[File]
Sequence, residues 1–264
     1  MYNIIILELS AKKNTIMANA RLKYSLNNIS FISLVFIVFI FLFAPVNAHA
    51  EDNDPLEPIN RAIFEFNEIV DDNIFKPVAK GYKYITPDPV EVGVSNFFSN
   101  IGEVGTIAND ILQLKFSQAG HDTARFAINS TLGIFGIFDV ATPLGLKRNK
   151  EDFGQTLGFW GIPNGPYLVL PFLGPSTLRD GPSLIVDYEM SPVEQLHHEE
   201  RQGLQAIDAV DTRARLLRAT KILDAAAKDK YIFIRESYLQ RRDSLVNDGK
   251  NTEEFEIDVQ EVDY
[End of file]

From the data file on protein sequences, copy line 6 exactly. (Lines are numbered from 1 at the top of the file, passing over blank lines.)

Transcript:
   201  RQGLQAIDAV DTRARLLRAT KILDAAAKDK YIFIRESYLQ RRDSLVNDGK